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L'Atalante (France 1934)

By Tony d’Ambra

Jean Vigo when he made one of cinema’s poetic masterpieces was consumptive and likely had a keen awareness of the slender hold he had on life. L’Atalante was to be his last film and his enduring cinematic legacy. A simple romantic story told with a shimmering love for those that history ignores, for unaffected lives which have a glory beyond greatness, bound up in the simple verities. The early tentative days of a just-married couple have a romance and visual poetry tinged with the melancholy of the river’s flow, itself a metaphor for the ineluctable passing of time, and the ebbs and flows of life. A tale told without artifice and with a boundless optimism. A timeless story of young love, the tribulations of matrimony, the joys of friendship, the rewards of loyalty, and the delight from the comic mishaps that life thankfully can bring; along with the conflict, the suffering, and the heartache.

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Jeremy poses with the great illustrator/painter Wendell Minor, with two of his supreme masterpieces, GALAPAGOS GEORGE and EDWARD HOPPER PAINTS HIS WORLD, both remarkable released during 2014. (At Bankstreet Bookstore in Manhattan).

by Sam Juliano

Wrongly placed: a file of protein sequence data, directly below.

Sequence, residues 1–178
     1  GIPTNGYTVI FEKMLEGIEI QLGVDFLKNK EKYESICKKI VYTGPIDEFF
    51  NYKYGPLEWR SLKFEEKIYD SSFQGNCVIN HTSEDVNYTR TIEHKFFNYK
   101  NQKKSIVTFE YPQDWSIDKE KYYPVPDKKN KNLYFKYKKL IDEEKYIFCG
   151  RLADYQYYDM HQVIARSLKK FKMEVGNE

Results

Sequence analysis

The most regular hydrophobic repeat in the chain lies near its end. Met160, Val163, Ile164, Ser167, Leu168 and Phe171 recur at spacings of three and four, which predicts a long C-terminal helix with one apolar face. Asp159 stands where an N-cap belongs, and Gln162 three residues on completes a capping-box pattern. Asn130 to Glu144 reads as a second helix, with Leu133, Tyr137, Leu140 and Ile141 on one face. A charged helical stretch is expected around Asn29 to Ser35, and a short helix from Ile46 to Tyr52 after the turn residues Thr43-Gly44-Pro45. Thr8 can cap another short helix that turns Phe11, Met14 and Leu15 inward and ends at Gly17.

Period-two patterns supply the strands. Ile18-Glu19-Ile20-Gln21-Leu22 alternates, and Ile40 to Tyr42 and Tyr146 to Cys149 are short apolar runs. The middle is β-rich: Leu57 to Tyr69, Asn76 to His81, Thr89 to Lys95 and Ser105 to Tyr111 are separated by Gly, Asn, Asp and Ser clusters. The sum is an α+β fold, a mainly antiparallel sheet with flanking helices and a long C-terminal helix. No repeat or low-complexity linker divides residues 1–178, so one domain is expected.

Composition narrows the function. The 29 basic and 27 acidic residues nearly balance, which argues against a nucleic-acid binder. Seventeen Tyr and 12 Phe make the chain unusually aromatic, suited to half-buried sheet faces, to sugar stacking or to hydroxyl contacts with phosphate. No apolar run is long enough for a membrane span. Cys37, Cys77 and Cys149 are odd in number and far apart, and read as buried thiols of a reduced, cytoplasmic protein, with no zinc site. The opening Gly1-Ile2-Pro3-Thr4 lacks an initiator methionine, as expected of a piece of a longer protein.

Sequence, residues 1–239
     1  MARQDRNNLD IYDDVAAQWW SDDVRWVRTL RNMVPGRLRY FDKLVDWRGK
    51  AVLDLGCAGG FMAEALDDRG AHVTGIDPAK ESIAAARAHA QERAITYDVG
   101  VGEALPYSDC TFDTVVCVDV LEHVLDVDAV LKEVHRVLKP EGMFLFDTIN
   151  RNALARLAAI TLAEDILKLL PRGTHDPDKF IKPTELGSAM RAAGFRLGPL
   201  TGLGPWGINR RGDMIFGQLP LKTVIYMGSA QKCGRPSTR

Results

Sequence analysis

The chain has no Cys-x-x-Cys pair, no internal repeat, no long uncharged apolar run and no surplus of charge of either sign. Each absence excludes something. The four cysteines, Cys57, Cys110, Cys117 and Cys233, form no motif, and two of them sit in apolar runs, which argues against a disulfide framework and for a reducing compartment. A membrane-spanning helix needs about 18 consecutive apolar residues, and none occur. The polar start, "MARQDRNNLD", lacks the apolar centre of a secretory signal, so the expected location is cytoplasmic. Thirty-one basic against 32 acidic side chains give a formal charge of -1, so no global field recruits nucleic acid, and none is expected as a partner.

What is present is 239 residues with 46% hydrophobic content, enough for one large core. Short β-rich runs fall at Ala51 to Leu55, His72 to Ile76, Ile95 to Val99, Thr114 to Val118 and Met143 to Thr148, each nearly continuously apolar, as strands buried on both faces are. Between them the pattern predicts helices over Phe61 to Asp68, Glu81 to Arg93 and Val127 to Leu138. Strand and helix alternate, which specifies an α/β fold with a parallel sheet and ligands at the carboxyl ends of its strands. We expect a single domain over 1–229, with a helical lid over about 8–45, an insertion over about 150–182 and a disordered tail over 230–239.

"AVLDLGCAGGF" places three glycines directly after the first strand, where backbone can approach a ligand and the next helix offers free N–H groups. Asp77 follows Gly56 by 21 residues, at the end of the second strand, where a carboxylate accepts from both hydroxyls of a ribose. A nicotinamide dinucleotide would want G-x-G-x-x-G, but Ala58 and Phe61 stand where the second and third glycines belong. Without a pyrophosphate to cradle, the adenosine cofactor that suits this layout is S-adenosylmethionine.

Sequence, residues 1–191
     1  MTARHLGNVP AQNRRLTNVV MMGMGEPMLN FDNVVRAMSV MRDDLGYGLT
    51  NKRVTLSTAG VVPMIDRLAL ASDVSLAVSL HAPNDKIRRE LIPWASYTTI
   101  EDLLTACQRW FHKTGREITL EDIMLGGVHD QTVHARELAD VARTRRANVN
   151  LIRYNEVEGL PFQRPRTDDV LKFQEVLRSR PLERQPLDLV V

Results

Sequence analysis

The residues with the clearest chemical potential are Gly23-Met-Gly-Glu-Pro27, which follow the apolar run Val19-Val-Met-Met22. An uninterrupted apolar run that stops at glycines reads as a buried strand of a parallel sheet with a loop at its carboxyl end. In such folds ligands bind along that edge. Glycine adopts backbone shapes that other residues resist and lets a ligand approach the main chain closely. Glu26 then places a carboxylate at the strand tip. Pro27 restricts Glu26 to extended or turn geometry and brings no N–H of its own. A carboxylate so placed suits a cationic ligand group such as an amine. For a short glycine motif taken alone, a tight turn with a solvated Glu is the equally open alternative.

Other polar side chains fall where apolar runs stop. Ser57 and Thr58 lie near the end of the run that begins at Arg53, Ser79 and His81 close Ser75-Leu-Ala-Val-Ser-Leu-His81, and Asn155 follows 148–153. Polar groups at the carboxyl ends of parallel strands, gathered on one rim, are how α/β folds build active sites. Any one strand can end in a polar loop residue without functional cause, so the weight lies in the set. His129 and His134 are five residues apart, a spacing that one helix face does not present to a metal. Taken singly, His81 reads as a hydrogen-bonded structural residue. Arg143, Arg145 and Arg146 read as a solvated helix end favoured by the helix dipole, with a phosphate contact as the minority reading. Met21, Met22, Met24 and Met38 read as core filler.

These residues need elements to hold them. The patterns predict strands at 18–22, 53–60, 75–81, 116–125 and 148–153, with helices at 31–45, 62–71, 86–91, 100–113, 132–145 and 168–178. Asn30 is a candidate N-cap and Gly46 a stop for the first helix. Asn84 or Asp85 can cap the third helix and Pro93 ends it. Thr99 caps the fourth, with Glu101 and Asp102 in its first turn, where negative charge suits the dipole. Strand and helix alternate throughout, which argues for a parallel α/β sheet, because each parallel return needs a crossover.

Time marches on.  Mid-September and moving closer to autumn.  Nothing too extreme weather-wise over the last week in the vicinity of the Big Apple, though it does appear that even so much as a wind breaker is still some time away.  But like everything else that scenario can change in a heart beat.  Here at Wonders in the Dark it is business as usual.  The long-running Greatest Romantic Films Countdown has entered the final leg, with the Top 15 set to post starting tomorrow.  Certainly the quality of the reviews over the past week has basically matched some of the great stuff we’ve seen here in previous weeks.  What with everyone on their best behavior the site is honored to have received some of the finest writings the esteemed authors have yet composed.  True, the comment and page view totals have dropped – this has been obvious throughout – but this has more to do with the general downtrend of blogsites, all of which have taken a major hit from the likes of Facebook and Twitter.  As many here will recall the most successful countdown (or any project for that matter) at this site was the Greatest Musical Films Countdown of 2011.  That 70 Film survey not only attracted some of the greatest film writing I have ever laid eyes on, but also the most spectacular comment totals ever recorded here.  Numerous posts amassed well over 200 comments, which a bunch of others pulled in over 100.  But numbers by themselves don’t add up to much – it was the quality and the passion of the responses that made them so memorable.  A dash of contentiousness also added some color to the proceedings.  In any case, Wonders in the Dark also scored big with the Greatest Comedy Films Countdown and the Greatest Westerns Film Countdown, even if both showed a progressive downward trend.  The community aspect of the site is still thriving -certainly well ahead of the life support that taken some less fortunate blogs over the past year.  In behalf of the site’s writing staff I want to thank all those who continue to read, leave likes and comments under all the latest posts.  This is alas, our life’s blood.